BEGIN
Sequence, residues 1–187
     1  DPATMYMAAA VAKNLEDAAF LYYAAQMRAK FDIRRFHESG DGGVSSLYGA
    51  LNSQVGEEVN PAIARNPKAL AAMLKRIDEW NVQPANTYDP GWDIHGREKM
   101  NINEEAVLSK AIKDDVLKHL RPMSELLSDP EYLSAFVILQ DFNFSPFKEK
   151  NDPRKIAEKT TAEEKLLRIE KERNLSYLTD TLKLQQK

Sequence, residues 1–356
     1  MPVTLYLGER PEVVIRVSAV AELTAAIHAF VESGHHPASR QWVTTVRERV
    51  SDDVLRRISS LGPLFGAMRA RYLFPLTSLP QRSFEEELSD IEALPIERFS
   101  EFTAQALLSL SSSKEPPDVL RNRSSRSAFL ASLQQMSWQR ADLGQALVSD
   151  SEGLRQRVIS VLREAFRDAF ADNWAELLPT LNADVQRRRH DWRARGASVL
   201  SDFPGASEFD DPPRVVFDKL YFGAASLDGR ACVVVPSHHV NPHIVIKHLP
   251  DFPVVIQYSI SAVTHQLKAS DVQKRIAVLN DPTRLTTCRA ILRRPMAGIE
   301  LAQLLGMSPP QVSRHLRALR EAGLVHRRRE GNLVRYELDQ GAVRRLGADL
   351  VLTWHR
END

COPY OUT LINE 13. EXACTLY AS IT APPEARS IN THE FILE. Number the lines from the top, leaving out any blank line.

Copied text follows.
   301  LAQLLGMSPP QVSRHLRALR EAGLVHRRRE GNLVRYELDQ GAVRRLGADL